Had you mentioned the name Lana Del Rey to somebody four years ago, they would have likely had an extreme opinion on her. More to the point, odds are their opinion would be less about her music, and more about her image and/or aura and/or the way she markets herself. The erstwhile Lizzie Grant had transformed herself into a whole new woman with a whole new persona, and it drove people to the extremes in terms of opinions. The self-styled “gangster Nancy Sinatra” really got under some people’s skin, and no matter what side you were on, she became a phenomenon. Now, four years later, it seems like, finally, Lana Del Rey can just be a musician, and not a cultural third rail.
The Del Rey phenomenon really began with Born to Die, her second studio album, which came out in 2012. If you don’t believe that she was divisive, just know that there is a Wikipedia section for the album titled “Impact and controversy.” The album hit big, going platinum and spawning a few hits, including her debut single “Video Games.” The music was interesting and hard to classify. She had, and continues to have, a very good voice. However, unsurprisingly, critical reaction was mixed. This was somewhat fair, as the album didn’t fully feel realized, but it certainly has its moments.
All of this, however, was overshadowed by the controversy and the discussion of Del Rey’s image. People were much more interested in litigating Del Rey’s authenticity, as opposed to her music. Del Rey had the misfortune of recording music under a different name than her own and being very particular about her aesthetic. To be fair to her naysayers, Del Rey herself clearly didn’t care solely about the music. She had a vision for her overarching place in pop music, and it involved a lot of retro style and Instagram filters. Some people find this tedious, and that’s valid. What was less valid were the accusations of authenticity.
Rumors and conspiracies abounded. Lana Del Rey wasn’t just a persona, or a stage name, for Lizzie Grant. No, she was a fraud, a marketing creation designed to trick people into buying music. Her family was buying her influence in the record business. In short, Lana Del Rey was inauthentic and, thus, was unworthy of her success.
A desire for authenticity in pop music, while an opinion one is technically allowed to have, is a tedious, inane opinion, at least if you are vehement about it. Just because the accoutrement of Del Rey’s ascendance was more apparent doesn’t mean she is all that different than from the vast majority of musicians. Were you mad at the Spice Girls too? Lana Del Rey essentially did the same thing Father John Misty did, but with a great deal more flak. There is one pretty glaring difference between those two that probably has something to do with it.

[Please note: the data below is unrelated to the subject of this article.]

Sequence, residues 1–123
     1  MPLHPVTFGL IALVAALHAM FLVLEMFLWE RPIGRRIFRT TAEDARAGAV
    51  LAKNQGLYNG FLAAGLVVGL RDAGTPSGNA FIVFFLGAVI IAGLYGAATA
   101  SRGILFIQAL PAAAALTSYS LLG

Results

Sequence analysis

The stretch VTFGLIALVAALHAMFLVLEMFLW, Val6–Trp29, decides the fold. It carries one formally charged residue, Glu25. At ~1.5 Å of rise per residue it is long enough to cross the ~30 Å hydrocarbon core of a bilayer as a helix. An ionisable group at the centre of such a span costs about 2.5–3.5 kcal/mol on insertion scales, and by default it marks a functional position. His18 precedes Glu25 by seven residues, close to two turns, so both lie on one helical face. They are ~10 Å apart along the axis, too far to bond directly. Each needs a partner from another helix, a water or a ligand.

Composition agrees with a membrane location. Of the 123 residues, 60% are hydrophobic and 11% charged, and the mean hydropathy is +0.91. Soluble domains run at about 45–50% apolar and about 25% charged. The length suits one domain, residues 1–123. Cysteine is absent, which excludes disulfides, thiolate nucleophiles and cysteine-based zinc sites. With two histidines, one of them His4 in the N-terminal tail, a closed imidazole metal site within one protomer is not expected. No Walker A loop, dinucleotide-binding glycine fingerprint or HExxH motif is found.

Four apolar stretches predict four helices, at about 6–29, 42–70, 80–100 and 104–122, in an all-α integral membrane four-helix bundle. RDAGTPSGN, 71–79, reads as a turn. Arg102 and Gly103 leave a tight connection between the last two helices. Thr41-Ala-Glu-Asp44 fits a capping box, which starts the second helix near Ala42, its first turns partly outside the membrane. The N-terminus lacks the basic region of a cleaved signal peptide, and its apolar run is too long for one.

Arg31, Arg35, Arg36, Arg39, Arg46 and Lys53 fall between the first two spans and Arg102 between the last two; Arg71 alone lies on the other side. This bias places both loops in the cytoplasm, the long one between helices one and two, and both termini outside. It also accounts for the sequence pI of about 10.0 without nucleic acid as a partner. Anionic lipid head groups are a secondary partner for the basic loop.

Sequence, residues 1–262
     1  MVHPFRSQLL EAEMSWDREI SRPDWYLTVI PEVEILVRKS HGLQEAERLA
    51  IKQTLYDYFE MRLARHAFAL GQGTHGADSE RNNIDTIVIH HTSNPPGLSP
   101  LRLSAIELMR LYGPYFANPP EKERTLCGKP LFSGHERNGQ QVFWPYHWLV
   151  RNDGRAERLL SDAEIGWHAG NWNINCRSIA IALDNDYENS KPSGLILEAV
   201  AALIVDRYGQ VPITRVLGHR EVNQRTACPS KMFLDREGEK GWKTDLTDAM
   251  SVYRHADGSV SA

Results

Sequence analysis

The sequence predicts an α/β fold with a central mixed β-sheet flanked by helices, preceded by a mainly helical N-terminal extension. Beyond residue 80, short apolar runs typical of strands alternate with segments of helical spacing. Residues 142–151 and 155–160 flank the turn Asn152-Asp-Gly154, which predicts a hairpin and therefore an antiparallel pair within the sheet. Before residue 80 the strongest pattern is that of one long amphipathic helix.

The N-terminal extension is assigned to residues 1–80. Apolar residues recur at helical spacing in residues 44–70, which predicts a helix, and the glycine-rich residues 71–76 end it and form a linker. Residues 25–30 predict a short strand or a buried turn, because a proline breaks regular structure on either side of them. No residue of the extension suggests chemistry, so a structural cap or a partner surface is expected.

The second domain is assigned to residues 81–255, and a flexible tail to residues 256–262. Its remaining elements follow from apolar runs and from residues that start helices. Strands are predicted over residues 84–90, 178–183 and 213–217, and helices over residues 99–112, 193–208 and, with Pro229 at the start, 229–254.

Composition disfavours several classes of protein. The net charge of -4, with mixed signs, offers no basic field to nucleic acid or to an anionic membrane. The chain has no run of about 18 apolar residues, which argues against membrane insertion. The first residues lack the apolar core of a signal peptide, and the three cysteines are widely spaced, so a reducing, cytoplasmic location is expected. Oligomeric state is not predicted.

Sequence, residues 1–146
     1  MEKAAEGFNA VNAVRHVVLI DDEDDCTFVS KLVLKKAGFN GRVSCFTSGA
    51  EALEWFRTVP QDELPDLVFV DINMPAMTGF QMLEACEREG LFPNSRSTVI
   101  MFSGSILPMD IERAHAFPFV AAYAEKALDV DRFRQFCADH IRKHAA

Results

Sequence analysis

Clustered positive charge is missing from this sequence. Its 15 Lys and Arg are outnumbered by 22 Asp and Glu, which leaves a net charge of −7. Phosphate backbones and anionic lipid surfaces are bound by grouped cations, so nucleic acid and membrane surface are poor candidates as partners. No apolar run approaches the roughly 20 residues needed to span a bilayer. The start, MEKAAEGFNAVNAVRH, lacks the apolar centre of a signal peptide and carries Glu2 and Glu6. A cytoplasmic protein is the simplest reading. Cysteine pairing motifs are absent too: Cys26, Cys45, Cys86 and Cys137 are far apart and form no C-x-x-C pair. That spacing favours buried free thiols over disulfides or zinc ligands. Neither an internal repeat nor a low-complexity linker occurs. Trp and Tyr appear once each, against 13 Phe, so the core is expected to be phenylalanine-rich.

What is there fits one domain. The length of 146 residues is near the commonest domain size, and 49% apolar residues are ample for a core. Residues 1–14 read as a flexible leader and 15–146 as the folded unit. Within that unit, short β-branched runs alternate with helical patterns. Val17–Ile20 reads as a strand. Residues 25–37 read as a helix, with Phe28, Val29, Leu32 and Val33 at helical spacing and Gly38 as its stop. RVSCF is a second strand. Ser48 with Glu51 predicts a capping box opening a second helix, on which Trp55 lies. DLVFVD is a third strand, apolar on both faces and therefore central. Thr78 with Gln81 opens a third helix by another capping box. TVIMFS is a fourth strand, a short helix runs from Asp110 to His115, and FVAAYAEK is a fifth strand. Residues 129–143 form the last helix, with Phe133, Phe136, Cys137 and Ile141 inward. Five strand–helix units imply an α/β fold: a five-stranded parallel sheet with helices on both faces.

This should not be about people’s silly complaints about Del Rey’s authenticity, though. This is about how, finally, it seems like the seas have parted and we can talk about Lana without those social anchors around our necks. Born to Die introduced the world, by and large, to Del Rey, and suddenly she was prominent and popular, and the criticism rained down. In 2013, Del Rey released her follow up Ultraviolence. There was a lot of chatter leading up to it, and more discussion of Del Rey’s whole persona, and then the album debuted at No. 1 on the Billboard charts and got a much more positive critical response. Perhaps this is because people had already screamed themselves hoarse over Born to Die, and didn’t have it in them to get as mad about this album. Or maybe people genuinely felt like Ultraviolence was an improvement in Del Rey’s execution, or they had grown accustomed to her schtick.
Then, last year, Del Rey released Honeymoon. It was more of what you’d expect from her, right down to her album cover. What happened? Honestly, not a whole lot. It would probably be an exaggeration to say that Honeymoon flew under the radar, but only by a smidge. The album sold pretty well, and it got good reviews, but it didn’t quite feel like an event to audiences, save for her faithful fans. While most people might see that as a negative, it’s subtly a blessing. Del Rey and her quality hasn’t changed, but the world’s reaction to her has.
It would seem that, now, Del Rey can simply make music. She can release records and be judged based on their contents. Her persona is no longer keeping people away from paying attention to what she is doing on her albums. Her voice and vision are wholly unique to her. If she cares to, Del Rey could even dial down her aesthetic a bit.
Lana Del Rey is no longer at the center of any debates. She’s yet another musician among many others using a stage name. She’s just Lana Del Rey: artist.